How To Choose The Right Philanthropic Advisor
There are many people in the world who offer advice and guidance to people with means, especially when it comes to how one can best make more money. A wide range of specialized experts and advisors will gladly share their insights to make your decision-making process easier. Business consultants may help you set up a family office or expand your personal empire. Wealth advisors and financial planners help you enhance your earnings. Tax advisors help you protect your assets.
These people can all be valuable resources and
allies for growing your wealth, but what happens when you’re ready to give money away? Distributing wealth is a very different practice from earning it. The core practices and the nuances of philanthropic investments are often a departure from those used for market investments. That’s where a philanthropic advisor can come in handy.
A philanthropic advisor with the right characteristics can make giving away wealth just as effective as investing it. They work with you to identify your philanthropic goals, strategies for meeting them, processes and structures for achieving them and measures for success. And just as with any other professional advisor, you’ll want to make sure you’ve found the right fit. Here are six characteristics to consider in your search:
1. Trust. Every successful philanthropic advising relationship is based on trust . You and your advisor will
talk about much more than money. You’ll talk about issues you care about deeply, your personal motivations and even your personal relationships with other family members. You’ll want someone you can trust completely to keep your secrets safe and your best interests at heart.
2. Inspiration. Good philanthropic advisors quickly understand what inspires their clients and find ways to build on that passion. Conversations with your advisor should leave you feeling hopeful, excited and always ready to move forward. If you find yourself feeling deflated or bored after a discussion, it may be time to seek consultation elsewhere.
3. Challenge. As with any kind of advice, a yes-man doesn’t cut it. Strong philanthropic advisors help you clarify your goals and bring forward bold
new ideas to help you move toward them. As with financial advisors, they take the time to understand your tolerance for risk, but they also encourage you to challenge your beliefs and assumptions as you consider your philanthropic investment strategy. At the end of the day, you should find yourself thinking more deeply and making new connections that you may not have made on your own.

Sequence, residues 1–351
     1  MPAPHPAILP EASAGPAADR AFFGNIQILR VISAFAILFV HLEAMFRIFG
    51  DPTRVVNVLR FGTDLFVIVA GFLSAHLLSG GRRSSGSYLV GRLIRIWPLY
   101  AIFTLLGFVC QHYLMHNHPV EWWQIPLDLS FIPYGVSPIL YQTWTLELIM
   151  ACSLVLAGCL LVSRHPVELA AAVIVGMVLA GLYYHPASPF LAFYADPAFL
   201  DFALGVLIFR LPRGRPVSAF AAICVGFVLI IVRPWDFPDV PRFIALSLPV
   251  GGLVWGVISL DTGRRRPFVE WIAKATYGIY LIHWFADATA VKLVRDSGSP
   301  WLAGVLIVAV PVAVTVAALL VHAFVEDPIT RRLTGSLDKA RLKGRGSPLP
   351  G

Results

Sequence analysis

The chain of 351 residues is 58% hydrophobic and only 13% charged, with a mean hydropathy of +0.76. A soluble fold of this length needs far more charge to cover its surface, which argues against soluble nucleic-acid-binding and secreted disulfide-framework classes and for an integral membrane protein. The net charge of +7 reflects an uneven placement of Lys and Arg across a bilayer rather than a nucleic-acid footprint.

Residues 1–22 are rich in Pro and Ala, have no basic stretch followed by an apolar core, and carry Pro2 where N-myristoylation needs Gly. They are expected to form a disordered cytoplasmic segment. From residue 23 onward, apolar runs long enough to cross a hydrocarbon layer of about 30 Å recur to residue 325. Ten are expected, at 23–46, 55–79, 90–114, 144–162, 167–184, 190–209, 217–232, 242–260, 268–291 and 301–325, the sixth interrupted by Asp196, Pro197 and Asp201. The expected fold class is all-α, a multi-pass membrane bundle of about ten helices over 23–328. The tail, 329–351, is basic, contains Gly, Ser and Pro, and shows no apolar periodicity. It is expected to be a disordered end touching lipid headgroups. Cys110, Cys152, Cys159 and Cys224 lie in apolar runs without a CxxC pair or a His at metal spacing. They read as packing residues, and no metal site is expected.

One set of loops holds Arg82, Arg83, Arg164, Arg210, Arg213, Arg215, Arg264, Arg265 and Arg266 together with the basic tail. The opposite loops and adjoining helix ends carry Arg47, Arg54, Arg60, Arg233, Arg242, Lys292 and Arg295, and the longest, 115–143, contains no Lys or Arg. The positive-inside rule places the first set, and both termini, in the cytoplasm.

4. Adaptability. If a philanthropic advisor attempts to wow you with her proven five-step method of successful philanthropy, head for the nearest exit. Philanthropy is a highly personalized undertaking, and while an advisor may have a general guiding process, she must first and foremost be willing to adapt that process to your needs. Prepackaged approaches may be great for fast food, but they have no place in philanthropic advising.
5. Experience. When considering an advisor’s experience, the key is to look for breadth rather than depth. In other words, the more different forms of philanthropy (foundations, donor-advised funds, individual giving, triple bottom-line corporate giving, etc.) in which an advisor has worked, the better. An advisor with 20 years of experience at one foundation in one community will know a lot about that one foundation and that one geography. But no two philanthropies (and no two communities) are alike. Look for an advisor who has worked in many different places and with many different kinds of philanthropy.
6. Collegiality. Your philanthropy will be most effective when your philanthropic advisor is in regular contact with your other advisors. For example, when your philanthropic advisor knows in advance that you’re
planning to take a distribution from a family business or that a large gift will be needed in the current year to offset an impending tax liability, she can help you plan your philanthropic investments accordingly. She also can work with your business or investment advisors to ensure that your philanthropic investments work hand-in-hand with your business or market rate ones, so that returns align with your overall vision. Look for a true team player who’s willing to understand and work within the bigger picture.
Evaluate potential philanthropic advisors with these criteria, and I guarantee you’ll quickly narrow the field of candidates. Then I encourage you to trust your instincts. In addition to being a financial venture with risks, rewards and metrics, philanthropy is an investment of the heart and soul. You’ll want an advisor who truly understands that — and you.
This article was originally written for and published by Forbes.com.
© 2017 Kris Putnam-Walkerly. All rights reserved. Permission granted to excerpt or reprint with attribution.